First, there was the time of our runs. Joseph’s school day starts at 6:30. There was no way we were going to be able to get out of the house, get in our training, and get him off to school with breakfast in his belly before that. So our training would have to happen in the evening, a big adjustment for this morning runner. 

Then, there was the location of our runs. Joseph had struggled in the past with asthma which seemed to be exacerbated by the cold. So many of our runs would have to be logged indoors, on the treadmill, another huge adjustment.

Even with these adjustments, there were the good and bad days that we both experienced. Sometimes, it was just hard to get into sync with one another. As the training stretched on and the workouts became more challenging, we had moments when we questioned the wisdom of our goal, wondering if we had bitten off more that we could chew.

Still, we pressed on. Through the ups and downs, we persevered and arrived at the starting line. The night before brought plenty of anxiety: the temperature was forecasted to be near freezing. Joseph wondered aloud if he would be able to breathe during the race. I reassured him, “We’ll take it in stages.” I said, “We’ll walk if we have to.”

The next day, race day dawned warmer than the forecast, but there was still concern. Joseph had not slept well. I prayed at breakfast and put the race in God’s hands. After our coffee, a pre-race ritual I was happy to share, we toed the starting line. We were hopeful, but it would take more than hope for us to finish those 13.1 miles in front of us.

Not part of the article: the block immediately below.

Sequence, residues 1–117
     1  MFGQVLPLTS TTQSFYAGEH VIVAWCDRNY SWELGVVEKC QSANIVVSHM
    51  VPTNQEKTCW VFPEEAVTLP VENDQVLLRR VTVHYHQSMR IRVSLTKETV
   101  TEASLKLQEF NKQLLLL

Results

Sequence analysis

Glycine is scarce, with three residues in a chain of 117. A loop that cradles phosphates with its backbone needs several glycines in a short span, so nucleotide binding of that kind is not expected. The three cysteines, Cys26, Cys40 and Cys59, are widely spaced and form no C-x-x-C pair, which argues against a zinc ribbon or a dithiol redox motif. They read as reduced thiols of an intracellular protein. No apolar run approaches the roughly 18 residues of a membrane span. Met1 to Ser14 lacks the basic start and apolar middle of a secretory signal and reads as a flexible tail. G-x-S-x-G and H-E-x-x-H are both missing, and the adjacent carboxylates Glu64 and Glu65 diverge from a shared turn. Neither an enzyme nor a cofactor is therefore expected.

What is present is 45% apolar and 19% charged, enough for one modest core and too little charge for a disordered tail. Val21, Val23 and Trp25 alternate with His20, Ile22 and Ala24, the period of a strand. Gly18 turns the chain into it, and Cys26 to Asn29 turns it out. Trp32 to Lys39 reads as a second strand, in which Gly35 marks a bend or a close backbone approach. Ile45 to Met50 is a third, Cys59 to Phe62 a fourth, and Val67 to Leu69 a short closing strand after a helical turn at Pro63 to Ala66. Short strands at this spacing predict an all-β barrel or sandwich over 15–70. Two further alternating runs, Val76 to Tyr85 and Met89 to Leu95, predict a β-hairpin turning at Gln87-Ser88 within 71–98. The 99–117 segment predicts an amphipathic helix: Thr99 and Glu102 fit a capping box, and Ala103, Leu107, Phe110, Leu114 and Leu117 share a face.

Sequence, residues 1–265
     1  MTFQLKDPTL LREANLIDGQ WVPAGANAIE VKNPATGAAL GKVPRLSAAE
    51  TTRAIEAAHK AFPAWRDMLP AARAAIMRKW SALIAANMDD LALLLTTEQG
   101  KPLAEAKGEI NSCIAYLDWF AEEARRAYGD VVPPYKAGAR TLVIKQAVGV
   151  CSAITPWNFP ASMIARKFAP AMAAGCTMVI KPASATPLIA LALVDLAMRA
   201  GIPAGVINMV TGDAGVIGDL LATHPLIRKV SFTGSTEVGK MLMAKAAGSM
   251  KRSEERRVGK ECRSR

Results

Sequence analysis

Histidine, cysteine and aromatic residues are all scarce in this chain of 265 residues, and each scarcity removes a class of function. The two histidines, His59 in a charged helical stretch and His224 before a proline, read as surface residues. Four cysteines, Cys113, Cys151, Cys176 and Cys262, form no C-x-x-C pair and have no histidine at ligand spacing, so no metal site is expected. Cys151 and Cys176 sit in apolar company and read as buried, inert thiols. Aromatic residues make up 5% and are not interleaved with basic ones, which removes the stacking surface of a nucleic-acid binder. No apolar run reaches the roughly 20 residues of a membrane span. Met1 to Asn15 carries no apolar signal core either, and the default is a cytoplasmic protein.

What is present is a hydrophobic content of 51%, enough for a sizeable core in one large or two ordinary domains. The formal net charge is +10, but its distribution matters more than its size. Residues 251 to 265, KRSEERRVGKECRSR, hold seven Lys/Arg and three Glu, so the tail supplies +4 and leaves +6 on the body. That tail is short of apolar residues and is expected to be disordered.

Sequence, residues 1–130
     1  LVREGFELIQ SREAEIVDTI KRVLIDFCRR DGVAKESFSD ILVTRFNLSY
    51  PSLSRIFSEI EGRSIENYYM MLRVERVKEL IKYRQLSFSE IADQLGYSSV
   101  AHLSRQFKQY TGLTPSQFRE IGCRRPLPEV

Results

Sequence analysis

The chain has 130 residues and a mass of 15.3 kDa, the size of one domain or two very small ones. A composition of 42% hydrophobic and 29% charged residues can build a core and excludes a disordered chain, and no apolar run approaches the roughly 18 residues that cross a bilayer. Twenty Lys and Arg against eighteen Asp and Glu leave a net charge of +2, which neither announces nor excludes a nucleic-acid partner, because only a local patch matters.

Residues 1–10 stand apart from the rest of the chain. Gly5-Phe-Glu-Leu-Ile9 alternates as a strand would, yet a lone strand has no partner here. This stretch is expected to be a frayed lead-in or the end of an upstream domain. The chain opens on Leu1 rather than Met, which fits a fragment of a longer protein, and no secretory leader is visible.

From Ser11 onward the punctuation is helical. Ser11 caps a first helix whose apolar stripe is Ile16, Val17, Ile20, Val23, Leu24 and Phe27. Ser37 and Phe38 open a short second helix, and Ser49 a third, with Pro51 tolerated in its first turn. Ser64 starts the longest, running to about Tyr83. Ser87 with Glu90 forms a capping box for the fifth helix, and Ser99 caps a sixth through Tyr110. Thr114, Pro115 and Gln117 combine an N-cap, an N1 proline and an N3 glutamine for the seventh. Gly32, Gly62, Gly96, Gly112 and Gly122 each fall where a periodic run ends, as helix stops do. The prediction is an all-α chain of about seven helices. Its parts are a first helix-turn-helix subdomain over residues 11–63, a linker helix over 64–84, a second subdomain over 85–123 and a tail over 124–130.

The starting gun was fired, and we moved off with the pack, walking then jogging as the way became less crowded. Finally, at about the first mile marker we had begun to run at our goal pace. We were set to finish the course in two hours time. Joseph complained of a bit of soreness, but, so far, all systems were go–no breathing problems.

We reached the two mile mark and the first water stop in good shape. In fact, contrary to what we had originally planned, Joseph said, “I don’t need to walk; let’s keep running.” So run we did, each mile successively faster than the last.

Before long, the concern had vanished from both of our faces. It had been replaced by the exuberance that we felt of sharing in this moment together. We began to enjoy ourselves–we hammed it up for the camera, we chatted non-stop, and took in all of the sights and sounds of race together.

Finally, it dawned on Joseph, “I’ve been smiling the whole race!” He really had! Still, I think that my satisfaction was even greater. As we struggled over the final hill and on through the final mile, I took his hand, something I had done over thirteen years before with my twin brother as he helped me finish my first marathon. Arms raised in victory, we crossed the finish line. Joseph had run his first half marathon, farther than he had ever gone before, and I had been there to help make it happen. I was a part of this moment of exuberance.

After we crossed the finish line, got our medals, and greeted Kelly and Jonathan, who had encouraged us at various points along the route, there was talk of our time. We had finished in 1 hour 48 minutes and 20 seconds, a full 12 minutes faster than we had hoped. Even better, we found out that Joseph’s time was good enough to put him in second place for his age group, an unexpected honor. 

In case you were wondering, no, there were no awards for me. My time was only good enough for 24th place among my peers. Still, I had a prize many of them could not claim. I had been able to take a personal achievement and pass it on. My son had followed in my footsteps, had gained from my coaching and encouragement, and stood now recognized as a success. I’ll take that, and I’ll cherish that for a long time to come.